Working with integrators

Discussion in 'General Electronics Chat' started by pwnt141, Apr 11, 2010.

  1. pwnt141

    Thread Starter New Member

    Apr 11, 2010
    when working with standard op amp circuits im fine with finding worst case offsets, but when working with integrators i get stuck.

    how exactly do you find worst case with the capacitor at work? the current across it always ruins my equations
    can someone provide an example (any numbers will do, or even just formulae ) on finding worst case with integrators?

    lets say, you were given the values of R, C, and all input bias current, offset current, and offset voltage figures.

    after grounding the input, and attaching imperfections, my equations (that work fine with standard amplifiers) usually end up extremely messy (due to the capacitor) and finding any worstcase numbers gets incredibly tedious and also look wrong. whats the correct procedure on this?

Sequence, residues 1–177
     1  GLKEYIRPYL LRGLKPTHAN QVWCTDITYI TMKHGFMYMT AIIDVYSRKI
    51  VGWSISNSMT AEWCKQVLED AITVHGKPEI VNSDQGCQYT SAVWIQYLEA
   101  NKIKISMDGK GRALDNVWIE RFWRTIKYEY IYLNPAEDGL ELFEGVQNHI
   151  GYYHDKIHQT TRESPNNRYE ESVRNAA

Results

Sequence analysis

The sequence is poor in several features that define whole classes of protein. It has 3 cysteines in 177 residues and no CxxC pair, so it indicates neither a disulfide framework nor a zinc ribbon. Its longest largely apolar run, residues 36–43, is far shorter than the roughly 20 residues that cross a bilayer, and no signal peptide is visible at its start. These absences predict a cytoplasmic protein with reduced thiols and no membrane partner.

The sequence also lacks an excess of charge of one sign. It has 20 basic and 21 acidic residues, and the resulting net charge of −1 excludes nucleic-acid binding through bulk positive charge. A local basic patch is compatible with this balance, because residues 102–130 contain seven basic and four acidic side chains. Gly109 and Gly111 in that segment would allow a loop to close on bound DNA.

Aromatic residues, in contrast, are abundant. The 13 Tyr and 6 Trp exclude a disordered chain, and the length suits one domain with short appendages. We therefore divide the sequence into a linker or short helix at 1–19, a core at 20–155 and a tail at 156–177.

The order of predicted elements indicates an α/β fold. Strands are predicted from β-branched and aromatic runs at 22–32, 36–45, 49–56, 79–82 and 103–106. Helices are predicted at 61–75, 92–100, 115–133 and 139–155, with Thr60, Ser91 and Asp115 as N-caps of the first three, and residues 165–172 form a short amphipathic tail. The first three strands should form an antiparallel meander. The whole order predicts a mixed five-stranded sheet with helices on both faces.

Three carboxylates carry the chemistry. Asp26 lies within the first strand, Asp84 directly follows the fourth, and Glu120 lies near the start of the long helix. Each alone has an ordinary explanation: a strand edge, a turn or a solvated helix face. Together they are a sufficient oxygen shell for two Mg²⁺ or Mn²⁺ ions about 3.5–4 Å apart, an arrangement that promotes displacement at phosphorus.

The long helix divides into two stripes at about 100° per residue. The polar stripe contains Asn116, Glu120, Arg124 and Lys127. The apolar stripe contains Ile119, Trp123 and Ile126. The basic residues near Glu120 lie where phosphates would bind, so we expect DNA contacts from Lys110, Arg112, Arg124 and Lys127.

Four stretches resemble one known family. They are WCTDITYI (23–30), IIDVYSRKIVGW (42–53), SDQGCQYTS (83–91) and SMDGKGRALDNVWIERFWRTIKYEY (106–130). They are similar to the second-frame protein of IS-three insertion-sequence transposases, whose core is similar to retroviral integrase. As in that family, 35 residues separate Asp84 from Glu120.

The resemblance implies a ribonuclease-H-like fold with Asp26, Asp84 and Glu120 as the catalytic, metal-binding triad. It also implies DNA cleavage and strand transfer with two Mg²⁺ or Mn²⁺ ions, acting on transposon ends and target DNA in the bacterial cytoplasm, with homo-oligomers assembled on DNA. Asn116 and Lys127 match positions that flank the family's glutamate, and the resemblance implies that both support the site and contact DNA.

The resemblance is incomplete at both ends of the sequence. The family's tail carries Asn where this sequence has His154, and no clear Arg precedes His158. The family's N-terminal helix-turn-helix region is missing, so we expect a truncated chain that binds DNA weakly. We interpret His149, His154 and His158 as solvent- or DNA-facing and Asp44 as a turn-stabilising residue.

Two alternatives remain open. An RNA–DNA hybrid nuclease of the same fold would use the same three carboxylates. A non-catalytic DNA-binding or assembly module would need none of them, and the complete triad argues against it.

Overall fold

ive considered removing the capacitor (as it IS dc after all) but then my answers get .. really small.
    Last edited: Apr 11, 2010
  2. hgmjr


    Jan 28, 2005
    In the days of analog computers, opamp integrators were controlled by imposing initial conditions on the capacitor. That usually entailed closing a relay across the capacitor in the case of the initial condition being 0V across the capacitor. Some simulations using analog computers involved a non-zero DC voltage. Here again the relay came to the rescue. The relay would switch a specific voltage source across the capacitor. Another thing that we often did was to put a very large resistor in parallel with the capacitor to provide a DC current feedback path.